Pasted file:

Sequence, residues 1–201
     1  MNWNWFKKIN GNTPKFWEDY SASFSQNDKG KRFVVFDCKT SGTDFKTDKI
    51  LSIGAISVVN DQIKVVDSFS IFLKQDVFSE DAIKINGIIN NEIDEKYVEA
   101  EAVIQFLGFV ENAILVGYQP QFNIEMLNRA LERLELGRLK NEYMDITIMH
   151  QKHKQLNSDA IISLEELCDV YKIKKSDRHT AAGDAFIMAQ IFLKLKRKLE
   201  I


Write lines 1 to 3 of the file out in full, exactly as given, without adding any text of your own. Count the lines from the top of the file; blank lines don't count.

Sequence, residues 1–201
     1  MNWNWFKKIN GNTPKFWEDY SASFSQNDKG KRFVVFDCKT SGTDFKTDKI
    51  LSIGAISVVN DQIKVVDSFS IFLKQDVFSE DAIKINGIIN NEIDEKYVEA